Gov’t Facing Tough Times – Amissah Arthur Admits

Vice President Paa Kwasi Amissah Arthur. Inset: The Flagstaff House

Vice President Paa Kwasi Amissah Arthur. Inset: The Flagstaff House

Government has confessed to facing difficulty times in its quest to address the country’s economic problems.

Vice President Paa Kwesi Amissah Arthur, who made the submission during a meeting with the Council of the Private Enterprises Foundation (PEF) in Accra, said due to the prevailing situation, government has invited the country’s private sector to undertake key infrastructure projects, adding that Government was preparing to fully kick-start a public-private-partnership this year.

Mr Amissah-Arthur explained that Government’s intention to partner private firms was aimed at addressing the country’s infrastructure shortfalls.

In the next couple of years, he revealed that Government would not be able to invest much into certain sectors.

Asare Akuffo, president of the PEF Council, in a remark, appealed to Government to work hard to improve the country’s business environment.

On behalf of the business community, Mr Akuffo pledged that it will work closely with government to provide the growth that is needed in the areas of investment, employment creation and development.

In the 2013 Budget Statement, themed: ‘Sustaining Confidence in the Future of the Ghanaian Economy’, Government indicated it would endeavour to maintain a stable macro-economic and debt service record in order to tap into the 10-year or more bond and loan markets.

‘This will ease pressure on credit to the private sector and help reduce interest rates,’ Seth Terkper, Finance Minister read.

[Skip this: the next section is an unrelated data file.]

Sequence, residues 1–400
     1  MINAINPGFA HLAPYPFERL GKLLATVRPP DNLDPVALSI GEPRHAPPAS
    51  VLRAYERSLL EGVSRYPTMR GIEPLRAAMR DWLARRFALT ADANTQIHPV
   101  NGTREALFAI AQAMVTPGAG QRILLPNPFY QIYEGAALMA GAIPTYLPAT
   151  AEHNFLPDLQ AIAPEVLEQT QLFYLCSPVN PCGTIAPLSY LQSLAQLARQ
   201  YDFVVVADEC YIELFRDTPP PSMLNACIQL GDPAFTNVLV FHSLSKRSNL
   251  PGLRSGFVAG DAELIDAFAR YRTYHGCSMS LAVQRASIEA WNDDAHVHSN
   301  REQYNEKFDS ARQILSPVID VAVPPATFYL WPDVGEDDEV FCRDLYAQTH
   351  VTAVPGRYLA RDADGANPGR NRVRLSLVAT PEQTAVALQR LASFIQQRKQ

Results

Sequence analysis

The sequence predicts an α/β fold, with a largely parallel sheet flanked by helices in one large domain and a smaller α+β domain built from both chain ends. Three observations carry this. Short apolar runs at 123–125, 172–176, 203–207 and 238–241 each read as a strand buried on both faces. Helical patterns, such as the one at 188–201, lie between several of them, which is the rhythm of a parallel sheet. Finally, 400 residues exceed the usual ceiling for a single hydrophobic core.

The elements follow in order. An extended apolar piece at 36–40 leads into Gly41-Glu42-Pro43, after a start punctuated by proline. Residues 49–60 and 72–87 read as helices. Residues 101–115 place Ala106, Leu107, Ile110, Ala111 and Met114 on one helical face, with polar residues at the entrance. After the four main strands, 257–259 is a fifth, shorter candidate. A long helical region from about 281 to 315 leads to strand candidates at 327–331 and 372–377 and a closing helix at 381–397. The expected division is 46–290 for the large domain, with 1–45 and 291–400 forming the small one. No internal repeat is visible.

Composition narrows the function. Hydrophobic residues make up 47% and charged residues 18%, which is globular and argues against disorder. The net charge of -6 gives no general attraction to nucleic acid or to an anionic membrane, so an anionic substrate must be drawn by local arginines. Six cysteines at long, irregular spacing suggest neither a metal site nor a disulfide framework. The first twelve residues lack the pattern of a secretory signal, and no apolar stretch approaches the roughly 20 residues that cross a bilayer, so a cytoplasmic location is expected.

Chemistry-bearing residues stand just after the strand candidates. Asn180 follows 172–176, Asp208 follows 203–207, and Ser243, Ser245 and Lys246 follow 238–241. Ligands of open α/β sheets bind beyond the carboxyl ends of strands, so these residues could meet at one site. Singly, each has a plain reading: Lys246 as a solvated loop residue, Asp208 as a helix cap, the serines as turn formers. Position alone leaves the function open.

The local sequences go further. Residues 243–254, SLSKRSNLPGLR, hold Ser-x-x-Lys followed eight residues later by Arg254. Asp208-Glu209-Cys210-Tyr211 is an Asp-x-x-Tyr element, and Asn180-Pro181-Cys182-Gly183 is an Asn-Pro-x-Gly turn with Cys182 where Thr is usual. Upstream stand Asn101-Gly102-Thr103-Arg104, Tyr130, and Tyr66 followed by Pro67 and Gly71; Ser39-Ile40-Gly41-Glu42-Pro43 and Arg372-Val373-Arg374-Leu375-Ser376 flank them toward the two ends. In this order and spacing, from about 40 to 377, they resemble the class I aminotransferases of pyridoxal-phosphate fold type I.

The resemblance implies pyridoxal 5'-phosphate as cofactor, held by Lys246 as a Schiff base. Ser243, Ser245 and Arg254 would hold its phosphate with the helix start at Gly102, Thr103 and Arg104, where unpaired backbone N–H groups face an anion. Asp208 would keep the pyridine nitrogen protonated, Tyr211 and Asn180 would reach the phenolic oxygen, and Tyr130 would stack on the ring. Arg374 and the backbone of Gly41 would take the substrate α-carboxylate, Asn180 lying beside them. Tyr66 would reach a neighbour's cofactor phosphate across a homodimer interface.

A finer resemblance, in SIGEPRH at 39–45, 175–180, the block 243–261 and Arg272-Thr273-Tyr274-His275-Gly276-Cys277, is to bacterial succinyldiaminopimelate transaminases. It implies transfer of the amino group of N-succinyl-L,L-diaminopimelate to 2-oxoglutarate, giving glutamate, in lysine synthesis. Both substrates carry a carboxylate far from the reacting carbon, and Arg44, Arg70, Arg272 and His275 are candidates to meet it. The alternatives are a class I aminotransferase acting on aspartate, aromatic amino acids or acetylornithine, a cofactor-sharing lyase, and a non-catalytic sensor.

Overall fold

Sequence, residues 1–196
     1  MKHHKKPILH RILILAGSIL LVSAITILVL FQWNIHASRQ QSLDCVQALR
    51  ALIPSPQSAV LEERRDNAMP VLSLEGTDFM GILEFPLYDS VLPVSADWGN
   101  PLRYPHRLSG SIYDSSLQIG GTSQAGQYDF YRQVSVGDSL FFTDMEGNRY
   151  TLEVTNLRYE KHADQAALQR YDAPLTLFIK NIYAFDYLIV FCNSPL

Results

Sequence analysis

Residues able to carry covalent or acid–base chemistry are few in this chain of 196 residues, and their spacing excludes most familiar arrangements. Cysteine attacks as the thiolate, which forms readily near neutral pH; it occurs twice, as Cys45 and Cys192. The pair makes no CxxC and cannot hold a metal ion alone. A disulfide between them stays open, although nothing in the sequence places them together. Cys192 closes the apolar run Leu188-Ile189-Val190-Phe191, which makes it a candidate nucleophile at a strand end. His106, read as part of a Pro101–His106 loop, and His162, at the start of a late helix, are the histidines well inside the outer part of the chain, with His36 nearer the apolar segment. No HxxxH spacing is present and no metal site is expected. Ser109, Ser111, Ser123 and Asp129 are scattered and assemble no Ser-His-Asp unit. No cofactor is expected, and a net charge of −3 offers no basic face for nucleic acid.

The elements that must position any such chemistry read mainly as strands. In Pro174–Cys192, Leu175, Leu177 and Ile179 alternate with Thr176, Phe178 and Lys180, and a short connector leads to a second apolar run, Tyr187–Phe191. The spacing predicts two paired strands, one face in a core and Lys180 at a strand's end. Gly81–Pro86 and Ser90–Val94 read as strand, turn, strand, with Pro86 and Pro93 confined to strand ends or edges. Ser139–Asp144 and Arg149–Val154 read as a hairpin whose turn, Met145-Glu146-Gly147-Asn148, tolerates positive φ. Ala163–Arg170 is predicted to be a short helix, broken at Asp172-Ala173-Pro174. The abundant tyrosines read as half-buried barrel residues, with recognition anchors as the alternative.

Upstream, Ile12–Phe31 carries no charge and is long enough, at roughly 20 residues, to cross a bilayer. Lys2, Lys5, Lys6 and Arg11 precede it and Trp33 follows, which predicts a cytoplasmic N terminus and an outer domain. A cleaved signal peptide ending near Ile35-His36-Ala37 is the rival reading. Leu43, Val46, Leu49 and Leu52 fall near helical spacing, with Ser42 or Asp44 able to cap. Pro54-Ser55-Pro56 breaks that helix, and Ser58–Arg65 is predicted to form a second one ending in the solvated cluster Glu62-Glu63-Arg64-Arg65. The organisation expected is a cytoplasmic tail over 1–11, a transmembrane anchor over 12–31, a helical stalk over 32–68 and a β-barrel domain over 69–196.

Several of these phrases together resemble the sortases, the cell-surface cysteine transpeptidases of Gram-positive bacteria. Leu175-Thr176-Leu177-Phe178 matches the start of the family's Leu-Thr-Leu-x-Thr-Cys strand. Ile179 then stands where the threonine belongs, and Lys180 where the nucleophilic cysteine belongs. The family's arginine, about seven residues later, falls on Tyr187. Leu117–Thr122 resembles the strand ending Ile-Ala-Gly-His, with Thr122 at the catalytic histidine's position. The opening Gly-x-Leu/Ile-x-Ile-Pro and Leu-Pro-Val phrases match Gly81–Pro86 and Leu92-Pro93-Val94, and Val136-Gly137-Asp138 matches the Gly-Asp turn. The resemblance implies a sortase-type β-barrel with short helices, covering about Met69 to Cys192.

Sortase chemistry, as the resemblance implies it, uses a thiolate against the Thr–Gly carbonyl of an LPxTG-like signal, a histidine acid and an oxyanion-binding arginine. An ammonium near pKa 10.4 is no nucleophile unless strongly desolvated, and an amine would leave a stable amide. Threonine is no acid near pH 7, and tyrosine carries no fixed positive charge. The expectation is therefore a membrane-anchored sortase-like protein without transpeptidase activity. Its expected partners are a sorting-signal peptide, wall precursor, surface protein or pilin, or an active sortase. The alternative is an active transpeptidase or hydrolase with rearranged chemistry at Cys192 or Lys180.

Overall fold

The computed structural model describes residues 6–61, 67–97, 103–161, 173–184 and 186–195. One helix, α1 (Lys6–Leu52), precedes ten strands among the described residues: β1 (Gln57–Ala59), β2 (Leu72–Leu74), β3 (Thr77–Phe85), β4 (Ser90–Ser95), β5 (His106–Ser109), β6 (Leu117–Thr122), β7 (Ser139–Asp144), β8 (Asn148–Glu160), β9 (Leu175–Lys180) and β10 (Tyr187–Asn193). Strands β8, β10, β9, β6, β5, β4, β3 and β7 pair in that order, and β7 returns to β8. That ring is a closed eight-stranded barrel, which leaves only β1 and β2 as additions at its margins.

According to him, said since the problems were mainly structural, Government was implementing more efficient systems and procedures for processing her transactions.

‘Our efforts at achieving production efficiency, reliability and competitiveness will not achieve much if we do not expand, update and modernize our national social and economic infrastructure.’

Furthermore, he said: ‘In order to maximize private financing to reduce the infrastructure gap, it is the expectation of Government that all Ministries, Departments and Agencies (MDAs) undertaking investment projects will do so within the framework of the Public Investment Plan (PIP); and use a more diversified financing space provided through the Public Private Partnership (PPP) option.’

He said as part of government’s efforts to involve the private sector in public infrastructure and service delivery through PPP, a national policy on PPPs had been designed and launched.

‘Government is currently developing a PPP law that will be introduced soon before this august House for consideration. The policy document and legislative framework will complement other institutional, financial and operational framework to address the key binding constraints.’

Last year, Government spent a little over GH¢21 billion and with plans to embark on a massive infrastructure development, the figure would go up substantially.

 By Samuel Boadi